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WEDNESDAY, Feb. 4 (HealthDay News) -- A decline in the use of combined hormone therapy appears responsible for a decreased incidence of breast cancer among women, according to research published Feb. 5 in the New England Journal of Medicine.
Rowan T. Chlebowski, M.D., Ph.D., of the Harbor-UCLA Medical Center in Torrance, Calif., and colleagues evaluated the results of the Women's Health Initiative study, which randomized women to receive either a combination of conjugated equine estrogens plus medroxyprogesterone or placebo. The investigators also assessed other risk factors for breast cancer to determine their impact on breast cancer incidence.
During the first two years of the study, fewer breast cancer diagnoses were observed among women receiving combination hormonal therapy. However, over the subsequent study years, women in the combination hormonal therapy group experienced nearly twice the incidence of breast cancer diagnoses and this increased until the women stopped taking their pills, after which this elevated risk decreased rapidly, the researchers report. Although this decline coincided with a decreased use of hormonal therapy, there was no difference in the frequency of mammography, the report indicates.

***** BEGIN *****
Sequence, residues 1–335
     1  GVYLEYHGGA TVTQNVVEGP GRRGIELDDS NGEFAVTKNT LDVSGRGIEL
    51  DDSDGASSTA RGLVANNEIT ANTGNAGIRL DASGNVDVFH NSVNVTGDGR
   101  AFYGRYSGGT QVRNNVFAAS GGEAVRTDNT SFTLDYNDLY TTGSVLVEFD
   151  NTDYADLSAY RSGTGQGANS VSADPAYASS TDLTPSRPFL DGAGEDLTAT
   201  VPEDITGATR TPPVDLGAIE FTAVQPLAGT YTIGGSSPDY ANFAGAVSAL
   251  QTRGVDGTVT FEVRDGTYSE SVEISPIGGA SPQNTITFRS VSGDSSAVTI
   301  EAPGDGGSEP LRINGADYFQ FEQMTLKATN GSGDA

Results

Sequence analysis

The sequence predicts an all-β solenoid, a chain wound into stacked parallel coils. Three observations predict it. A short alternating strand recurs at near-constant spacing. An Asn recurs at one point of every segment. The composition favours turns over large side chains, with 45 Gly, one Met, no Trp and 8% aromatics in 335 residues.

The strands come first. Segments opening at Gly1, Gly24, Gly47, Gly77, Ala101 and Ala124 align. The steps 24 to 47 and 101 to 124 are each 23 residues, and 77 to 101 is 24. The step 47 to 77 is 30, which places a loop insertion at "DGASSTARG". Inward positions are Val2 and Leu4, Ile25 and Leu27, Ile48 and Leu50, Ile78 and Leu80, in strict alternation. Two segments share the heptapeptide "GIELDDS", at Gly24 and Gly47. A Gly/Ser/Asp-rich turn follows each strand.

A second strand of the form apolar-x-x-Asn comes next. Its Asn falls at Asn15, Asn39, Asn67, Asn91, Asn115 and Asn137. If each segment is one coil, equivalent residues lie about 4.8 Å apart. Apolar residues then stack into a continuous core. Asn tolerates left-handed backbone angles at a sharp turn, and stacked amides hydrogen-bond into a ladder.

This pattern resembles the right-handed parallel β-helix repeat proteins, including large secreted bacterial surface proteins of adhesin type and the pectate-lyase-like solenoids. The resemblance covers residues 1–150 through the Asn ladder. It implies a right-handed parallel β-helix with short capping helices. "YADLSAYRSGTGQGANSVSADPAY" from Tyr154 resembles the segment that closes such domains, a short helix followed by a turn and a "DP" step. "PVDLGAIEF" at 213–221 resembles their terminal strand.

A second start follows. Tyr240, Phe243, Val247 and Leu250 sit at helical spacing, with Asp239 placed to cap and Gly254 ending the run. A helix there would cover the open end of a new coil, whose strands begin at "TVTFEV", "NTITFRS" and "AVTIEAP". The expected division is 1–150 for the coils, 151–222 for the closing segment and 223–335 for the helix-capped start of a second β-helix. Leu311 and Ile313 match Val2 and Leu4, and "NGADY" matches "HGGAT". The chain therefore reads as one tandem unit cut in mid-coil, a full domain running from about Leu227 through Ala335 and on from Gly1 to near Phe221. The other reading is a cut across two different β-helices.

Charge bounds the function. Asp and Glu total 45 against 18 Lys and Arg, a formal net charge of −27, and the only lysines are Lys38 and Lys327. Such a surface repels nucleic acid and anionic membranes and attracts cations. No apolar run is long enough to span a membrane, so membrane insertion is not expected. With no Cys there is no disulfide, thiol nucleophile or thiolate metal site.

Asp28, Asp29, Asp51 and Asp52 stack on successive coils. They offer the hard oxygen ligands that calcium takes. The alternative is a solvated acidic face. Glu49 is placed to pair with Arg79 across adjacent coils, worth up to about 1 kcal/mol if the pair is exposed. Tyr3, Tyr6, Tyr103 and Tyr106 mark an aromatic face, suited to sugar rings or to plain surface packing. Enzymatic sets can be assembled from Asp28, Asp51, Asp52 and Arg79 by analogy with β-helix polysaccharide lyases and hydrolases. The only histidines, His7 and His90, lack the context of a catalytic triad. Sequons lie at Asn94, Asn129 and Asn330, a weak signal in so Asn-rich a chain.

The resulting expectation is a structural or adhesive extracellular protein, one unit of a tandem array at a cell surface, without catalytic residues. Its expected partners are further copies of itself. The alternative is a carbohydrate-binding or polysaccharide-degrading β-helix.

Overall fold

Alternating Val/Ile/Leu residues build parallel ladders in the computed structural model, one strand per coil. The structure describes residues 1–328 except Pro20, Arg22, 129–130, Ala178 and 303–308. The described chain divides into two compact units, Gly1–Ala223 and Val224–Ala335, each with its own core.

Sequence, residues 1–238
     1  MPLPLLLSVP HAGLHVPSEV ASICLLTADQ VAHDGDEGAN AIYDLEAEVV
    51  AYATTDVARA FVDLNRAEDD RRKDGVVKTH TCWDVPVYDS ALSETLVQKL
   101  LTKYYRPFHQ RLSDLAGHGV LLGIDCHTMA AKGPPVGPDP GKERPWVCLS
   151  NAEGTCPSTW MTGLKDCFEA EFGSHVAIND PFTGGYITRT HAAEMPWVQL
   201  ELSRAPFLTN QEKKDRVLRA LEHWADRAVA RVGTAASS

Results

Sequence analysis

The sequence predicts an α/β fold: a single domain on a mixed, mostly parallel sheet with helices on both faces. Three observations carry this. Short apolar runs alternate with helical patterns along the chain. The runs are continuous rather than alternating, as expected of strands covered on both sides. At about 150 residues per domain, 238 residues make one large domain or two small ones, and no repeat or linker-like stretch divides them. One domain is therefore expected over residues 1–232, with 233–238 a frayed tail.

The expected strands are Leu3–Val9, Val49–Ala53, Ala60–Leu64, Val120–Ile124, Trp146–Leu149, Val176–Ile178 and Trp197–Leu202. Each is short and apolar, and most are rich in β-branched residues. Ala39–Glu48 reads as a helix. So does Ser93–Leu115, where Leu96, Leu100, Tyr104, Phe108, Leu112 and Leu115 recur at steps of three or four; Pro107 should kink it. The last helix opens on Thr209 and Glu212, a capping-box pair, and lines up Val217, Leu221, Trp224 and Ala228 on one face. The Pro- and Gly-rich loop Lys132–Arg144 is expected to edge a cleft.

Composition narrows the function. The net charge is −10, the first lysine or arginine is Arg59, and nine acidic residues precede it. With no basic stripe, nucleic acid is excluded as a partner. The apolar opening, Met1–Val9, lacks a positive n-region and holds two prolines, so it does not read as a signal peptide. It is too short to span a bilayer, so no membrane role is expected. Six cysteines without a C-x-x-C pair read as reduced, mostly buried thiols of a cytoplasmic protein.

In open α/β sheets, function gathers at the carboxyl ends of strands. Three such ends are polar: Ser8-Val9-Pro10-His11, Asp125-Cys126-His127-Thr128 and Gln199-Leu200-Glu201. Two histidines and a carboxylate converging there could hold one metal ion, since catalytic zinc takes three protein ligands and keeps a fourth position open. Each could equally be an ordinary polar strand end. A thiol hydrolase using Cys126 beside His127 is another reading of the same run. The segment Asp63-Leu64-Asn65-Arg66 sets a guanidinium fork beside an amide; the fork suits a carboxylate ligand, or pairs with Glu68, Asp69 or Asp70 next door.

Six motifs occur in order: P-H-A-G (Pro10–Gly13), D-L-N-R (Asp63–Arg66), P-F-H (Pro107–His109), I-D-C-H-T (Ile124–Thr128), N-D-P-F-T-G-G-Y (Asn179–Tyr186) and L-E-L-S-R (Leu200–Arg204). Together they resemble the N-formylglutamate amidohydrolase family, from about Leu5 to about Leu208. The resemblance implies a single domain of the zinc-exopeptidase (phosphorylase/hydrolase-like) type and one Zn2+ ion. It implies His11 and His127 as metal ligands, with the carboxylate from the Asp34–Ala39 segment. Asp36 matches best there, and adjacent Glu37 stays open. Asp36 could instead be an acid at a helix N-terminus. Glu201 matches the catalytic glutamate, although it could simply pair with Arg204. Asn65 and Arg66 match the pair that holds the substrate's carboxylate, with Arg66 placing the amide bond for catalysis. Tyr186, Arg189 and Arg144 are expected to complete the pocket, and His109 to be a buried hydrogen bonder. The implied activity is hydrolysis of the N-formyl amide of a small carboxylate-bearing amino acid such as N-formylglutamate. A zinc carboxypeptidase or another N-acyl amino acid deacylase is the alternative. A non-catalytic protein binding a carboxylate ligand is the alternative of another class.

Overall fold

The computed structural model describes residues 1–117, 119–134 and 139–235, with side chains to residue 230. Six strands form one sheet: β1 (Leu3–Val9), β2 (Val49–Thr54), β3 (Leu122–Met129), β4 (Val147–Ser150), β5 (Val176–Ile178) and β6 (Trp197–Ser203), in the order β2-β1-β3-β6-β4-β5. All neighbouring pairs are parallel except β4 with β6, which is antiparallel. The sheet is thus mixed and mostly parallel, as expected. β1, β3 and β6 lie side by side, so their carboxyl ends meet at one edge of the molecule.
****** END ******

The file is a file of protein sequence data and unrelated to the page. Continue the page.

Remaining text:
"This finding supports the hypothesis that the recent reduction in the incidence of breast cancer among women in certain age groups in the United States is predominantly related to a decrease in the use of combined estrogen plus progestin," the authors write.
Several of the study authors report financial relationships with the pharmaceutical industry.
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